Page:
Next, we need to check for collision between the two objects. We'll use the Is Inside Volume node. After we check for collision, we'll combine our data to get a single boolean value for whether or not the two objects intersect:

The Epsilon parameter determines how far outside the loop the BVH node will look. Usually a super-low, non-zero value will work, like 0.0002. The last thing to do is to change the color of the objects. Add one more loop:

In the Advanced Node Settings dropdown of the N panel for the Expression nodes, be sure to uncheck "Correct Type":

Finally, invoke this last loop, and your simulation should work!

Blend File (requires Animation Nodes):

If you want to set the color manually, you can create this loop. Just provide it a list of colors with corresponding indices to the list of objects:

Incorporating the Molecular Modifier

Incorporating the Molecular Modifier has a similar workflow to the Rigid Body Method. Begin by setting up a Molecular simulation. Here is mine:

Here is the final result:

Node setup:

After setting up the molecular simulation, we can work on the coloring. To color the particles, we are exploiting a feature of the Molecular Modifier: since the entire simulation is baked with its own physics, the particles never rotate and therefore never use the Angular Velocity attribute. We will store our colors there. Set all of the particles to render as an Icosphere object and give the Icosphere this material:

Now lets get into Animation Nodes. Unfortunately, in Animation Nodes 2.0, the Particle datatype has been removed. The most efficient way to get around this is to create our own in Python. First, let's create an Extract Particles node. Add a Script node, and give it Particle System input and a Generic List output. Name the List ParticleList. Create a new script file and paste in this code:

ParticleList = []

for p in ParticleSystem.particles:
ParticleList.append(p)


Next, we need a Filter Particles node. Add another Script node, and give it a Generic List input, four Boolean inputs, and a Generic List output. Name them as follows:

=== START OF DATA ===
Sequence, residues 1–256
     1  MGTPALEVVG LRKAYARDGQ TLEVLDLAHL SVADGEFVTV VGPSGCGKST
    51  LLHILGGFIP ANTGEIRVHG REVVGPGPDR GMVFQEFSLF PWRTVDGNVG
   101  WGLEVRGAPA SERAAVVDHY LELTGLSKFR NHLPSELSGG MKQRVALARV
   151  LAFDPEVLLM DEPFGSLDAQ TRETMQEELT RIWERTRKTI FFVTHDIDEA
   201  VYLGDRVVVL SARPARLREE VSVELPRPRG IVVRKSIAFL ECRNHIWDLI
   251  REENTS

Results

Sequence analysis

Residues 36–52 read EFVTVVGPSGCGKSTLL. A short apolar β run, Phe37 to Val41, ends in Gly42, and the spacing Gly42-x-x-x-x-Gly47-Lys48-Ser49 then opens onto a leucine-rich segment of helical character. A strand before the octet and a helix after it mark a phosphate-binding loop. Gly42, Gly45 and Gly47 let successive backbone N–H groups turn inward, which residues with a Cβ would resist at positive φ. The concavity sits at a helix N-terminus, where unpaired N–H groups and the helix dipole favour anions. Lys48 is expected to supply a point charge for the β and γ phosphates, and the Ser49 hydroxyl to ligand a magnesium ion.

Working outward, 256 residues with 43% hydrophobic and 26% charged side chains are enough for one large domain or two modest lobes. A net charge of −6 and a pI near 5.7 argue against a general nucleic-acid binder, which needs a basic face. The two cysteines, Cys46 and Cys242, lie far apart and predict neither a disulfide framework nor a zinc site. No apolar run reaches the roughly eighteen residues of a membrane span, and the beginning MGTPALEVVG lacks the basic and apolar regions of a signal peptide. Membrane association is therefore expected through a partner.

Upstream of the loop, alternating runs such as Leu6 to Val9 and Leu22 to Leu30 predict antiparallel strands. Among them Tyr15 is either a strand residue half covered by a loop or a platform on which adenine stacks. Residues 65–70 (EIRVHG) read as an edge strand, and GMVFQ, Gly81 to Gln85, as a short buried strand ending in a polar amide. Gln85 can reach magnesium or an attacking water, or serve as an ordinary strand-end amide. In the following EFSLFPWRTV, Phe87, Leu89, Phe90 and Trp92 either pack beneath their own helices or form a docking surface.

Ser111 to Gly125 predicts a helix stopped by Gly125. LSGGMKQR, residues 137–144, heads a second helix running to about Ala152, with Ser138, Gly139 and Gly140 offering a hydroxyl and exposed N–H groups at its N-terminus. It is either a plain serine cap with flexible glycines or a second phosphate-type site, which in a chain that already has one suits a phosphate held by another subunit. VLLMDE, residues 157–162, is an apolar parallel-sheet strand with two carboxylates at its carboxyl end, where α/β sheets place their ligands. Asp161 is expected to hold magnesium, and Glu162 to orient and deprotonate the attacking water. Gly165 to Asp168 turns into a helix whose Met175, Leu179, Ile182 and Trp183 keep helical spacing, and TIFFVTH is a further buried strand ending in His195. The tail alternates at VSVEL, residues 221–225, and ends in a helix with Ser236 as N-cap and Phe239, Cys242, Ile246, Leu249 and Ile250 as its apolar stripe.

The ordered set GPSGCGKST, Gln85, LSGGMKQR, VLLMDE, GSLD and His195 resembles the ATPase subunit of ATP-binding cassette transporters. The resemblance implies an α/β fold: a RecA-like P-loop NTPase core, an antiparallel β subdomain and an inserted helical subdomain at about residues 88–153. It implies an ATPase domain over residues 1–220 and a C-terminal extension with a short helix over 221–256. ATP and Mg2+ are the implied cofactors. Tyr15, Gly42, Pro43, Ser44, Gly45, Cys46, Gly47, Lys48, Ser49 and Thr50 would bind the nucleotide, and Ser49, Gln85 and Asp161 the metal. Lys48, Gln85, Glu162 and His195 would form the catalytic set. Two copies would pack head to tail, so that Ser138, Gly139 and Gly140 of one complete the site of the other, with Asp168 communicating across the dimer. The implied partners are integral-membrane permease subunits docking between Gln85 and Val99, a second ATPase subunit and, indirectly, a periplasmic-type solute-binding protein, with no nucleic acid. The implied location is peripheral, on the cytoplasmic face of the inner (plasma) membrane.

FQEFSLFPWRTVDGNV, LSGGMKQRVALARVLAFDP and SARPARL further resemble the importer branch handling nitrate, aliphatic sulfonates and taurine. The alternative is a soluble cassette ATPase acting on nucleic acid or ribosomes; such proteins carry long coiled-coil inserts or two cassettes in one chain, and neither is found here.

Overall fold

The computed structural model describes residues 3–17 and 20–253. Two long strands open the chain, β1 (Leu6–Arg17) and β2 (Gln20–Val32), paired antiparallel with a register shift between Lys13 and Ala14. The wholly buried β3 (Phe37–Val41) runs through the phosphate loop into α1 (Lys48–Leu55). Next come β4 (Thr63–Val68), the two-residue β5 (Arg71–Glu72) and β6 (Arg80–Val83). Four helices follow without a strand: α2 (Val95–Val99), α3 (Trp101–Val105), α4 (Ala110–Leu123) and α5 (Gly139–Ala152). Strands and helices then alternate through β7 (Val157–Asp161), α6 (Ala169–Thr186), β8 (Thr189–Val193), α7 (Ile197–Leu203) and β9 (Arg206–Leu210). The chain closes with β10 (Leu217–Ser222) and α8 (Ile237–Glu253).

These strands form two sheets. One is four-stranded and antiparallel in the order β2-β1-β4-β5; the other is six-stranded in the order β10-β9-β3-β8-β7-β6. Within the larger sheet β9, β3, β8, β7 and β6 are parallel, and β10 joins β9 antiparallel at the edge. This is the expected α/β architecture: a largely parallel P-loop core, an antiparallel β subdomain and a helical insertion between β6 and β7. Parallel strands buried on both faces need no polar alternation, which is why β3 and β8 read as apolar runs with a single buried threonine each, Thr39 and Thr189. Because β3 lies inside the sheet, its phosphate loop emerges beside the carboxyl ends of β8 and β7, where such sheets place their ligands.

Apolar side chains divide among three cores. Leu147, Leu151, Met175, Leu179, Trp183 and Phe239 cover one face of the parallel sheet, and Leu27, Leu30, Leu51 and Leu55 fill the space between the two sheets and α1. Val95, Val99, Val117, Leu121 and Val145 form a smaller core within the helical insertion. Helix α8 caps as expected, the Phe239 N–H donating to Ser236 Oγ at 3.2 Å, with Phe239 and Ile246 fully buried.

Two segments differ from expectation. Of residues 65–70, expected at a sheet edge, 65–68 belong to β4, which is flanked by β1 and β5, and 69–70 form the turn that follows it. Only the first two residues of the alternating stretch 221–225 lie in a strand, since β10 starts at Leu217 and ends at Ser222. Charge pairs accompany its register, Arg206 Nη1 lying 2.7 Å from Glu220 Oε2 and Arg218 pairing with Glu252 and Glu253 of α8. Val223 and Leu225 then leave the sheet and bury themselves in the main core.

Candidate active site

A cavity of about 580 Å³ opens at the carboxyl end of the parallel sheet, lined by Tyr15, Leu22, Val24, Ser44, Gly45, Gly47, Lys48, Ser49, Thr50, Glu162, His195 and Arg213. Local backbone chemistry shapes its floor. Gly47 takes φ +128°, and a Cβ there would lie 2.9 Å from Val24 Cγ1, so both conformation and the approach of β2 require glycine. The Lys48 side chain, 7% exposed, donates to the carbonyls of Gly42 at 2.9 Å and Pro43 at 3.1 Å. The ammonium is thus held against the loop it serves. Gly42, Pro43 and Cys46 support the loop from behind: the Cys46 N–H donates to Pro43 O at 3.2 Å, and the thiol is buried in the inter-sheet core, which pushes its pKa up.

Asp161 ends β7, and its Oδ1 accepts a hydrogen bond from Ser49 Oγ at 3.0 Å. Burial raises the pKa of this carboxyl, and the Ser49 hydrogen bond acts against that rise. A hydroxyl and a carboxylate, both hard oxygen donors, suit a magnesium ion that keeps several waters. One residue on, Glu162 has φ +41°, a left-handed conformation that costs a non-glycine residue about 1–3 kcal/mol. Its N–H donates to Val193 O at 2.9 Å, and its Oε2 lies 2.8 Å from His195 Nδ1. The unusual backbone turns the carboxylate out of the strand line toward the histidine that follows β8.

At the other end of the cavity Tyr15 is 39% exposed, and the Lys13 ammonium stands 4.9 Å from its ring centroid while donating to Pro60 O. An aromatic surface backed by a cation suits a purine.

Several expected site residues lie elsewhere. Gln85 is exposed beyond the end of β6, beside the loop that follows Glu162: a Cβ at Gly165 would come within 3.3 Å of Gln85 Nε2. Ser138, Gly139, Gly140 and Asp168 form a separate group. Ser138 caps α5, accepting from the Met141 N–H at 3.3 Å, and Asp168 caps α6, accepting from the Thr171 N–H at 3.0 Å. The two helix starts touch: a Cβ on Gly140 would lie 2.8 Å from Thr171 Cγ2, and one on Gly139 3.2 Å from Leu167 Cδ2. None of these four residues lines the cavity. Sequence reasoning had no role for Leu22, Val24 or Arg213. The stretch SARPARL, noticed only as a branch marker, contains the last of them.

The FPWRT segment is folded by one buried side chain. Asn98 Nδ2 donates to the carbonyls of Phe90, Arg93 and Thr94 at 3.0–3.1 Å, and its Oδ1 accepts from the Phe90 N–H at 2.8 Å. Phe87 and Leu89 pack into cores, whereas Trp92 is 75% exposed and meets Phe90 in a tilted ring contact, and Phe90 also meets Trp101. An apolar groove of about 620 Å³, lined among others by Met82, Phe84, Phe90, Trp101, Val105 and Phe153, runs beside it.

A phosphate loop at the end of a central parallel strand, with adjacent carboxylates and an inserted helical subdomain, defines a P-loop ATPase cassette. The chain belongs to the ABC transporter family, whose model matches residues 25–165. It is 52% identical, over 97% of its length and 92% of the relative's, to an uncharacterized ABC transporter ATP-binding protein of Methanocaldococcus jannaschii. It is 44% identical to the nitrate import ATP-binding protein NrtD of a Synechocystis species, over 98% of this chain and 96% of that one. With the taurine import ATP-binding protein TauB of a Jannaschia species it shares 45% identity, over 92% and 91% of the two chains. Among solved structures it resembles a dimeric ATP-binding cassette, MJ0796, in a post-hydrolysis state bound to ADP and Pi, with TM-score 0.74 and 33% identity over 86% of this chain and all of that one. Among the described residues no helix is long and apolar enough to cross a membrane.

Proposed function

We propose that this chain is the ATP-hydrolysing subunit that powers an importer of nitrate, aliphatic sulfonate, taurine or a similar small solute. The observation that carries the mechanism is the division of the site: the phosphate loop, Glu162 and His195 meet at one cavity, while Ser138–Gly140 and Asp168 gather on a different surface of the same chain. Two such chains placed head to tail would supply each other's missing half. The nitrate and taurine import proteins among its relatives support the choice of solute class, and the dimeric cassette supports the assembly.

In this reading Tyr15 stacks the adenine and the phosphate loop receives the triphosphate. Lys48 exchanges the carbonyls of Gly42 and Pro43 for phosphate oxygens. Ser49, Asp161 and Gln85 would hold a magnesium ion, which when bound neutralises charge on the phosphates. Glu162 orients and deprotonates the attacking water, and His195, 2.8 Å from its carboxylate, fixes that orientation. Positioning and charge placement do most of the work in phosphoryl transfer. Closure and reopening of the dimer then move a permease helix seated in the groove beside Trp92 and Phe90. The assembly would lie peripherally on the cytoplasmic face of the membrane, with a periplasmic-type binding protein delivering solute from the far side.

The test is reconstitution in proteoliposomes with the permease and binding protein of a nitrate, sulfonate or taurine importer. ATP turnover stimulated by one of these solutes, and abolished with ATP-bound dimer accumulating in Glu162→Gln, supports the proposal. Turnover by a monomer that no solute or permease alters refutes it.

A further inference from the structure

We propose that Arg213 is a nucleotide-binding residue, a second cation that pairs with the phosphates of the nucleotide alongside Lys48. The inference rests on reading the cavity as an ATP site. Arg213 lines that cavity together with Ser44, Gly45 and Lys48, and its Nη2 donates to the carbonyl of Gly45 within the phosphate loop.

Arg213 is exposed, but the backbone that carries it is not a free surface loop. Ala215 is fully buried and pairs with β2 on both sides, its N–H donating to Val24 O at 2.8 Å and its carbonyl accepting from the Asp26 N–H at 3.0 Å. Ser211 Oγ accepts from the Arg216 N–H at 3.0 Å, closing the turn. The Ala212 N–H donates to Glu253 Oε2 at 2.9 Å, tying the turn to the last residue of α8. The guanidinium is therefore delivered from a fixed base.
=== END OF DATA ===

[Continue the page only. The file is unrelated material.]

Here is the script:

Filtered = []

for p in Particles:
if Unborn:
if p.alive_state == 'UNBORN':
Filtered.append(p)
if Alive:
if p.alive_state == 'ALIVE':
Filtered.append(p)
if Dying:
if p.alive_state == 'DYING':
Filtered.append(p)
Filtered.append(p)


Last, we need a Particle Data node, to get information from the particles. Add another Script node, and give it a Generic List input, a Vector List output, a Float List output, and a Color List output. Name them as follows:

Here is the script:

Locations, Sizes, AngularVelocities = [],[],[]

for p in ParticleList:
Locations.append(p.location)
Sizes.append(p.size)
AngularVelocities.append(p.angular_velocity)


For some reason, Animation Nodes doesn't like us using a Color List to store vector data, so disable Correct Output Types in the Advanced Node Settings panel of the N sidebar for the Script Node:

Now that we have that set up, we can get on to coloring the particles. For each of our particle emitters, add a Particle Systems from Object node. Add one of our ExtractParticles nodes for each Particle System:

We need a way to color the particles. Create a new Script subprogram named Color Particles. Give it two Color inputs and one Generic List input:

Code:

for p in particles:
if color1 != color2:
p.angular_velocity = [(color1[0]+color2[0])/2,(color1[1]+color2[1])/2,(color1[2]+color2[2])/2]


To set the initial colors for each particles system, use a FilterParticles node to get unborn particles, then the Color Particles node to set the color. Note that the two color inputs have to be different for the node to take effect:

Now, join all the particles together with a Combine List node and use a FilterParticles node to get a list of all Alive particles:

Next, we need to calculate all the different pairs of particles to check collision for. We can just use the same node we created above:

At this point, the numbers start to get really big, and unless you have an über-fast computer, you're going to start to lag. Even then, this NodeTree works better if it's only executed once a frame. If you haven't already, you should turn off Always in the Auto Execution panel of the T sidebar:

Ok. Next, let's check collision. Since everything is a perfect sphere, the math is pretty simple. The Loop node will need 2 Integer List iterators (obj1 and obj2), a Vector List parameter, a Float List parameter, a Float parameter, and a Boolean List output. Here is the NodeTree:

We can invoke it like so:

We now have a problem. We have an enormous amount of data. For my little 8000 particle simulation, there are over 2 million particle pairs that have to be checked for collision. If we also have to check if they need to have their colors modified, it would take forever. So, we should optimize the lists to only have pairs for which collision is true. Create a Script node with an Integer List and a Boolean List input and an Integer List output:

Here is the script:

n = [i[a] for a in range(len(i)) if b[a]]


Use this Prune node on both of the obj lists:

Lastly, we need to change the color of all the colliding pairs. Since we already have a script to calculate and change the color of a pair of particles, we don't have to do much. Create this Loop: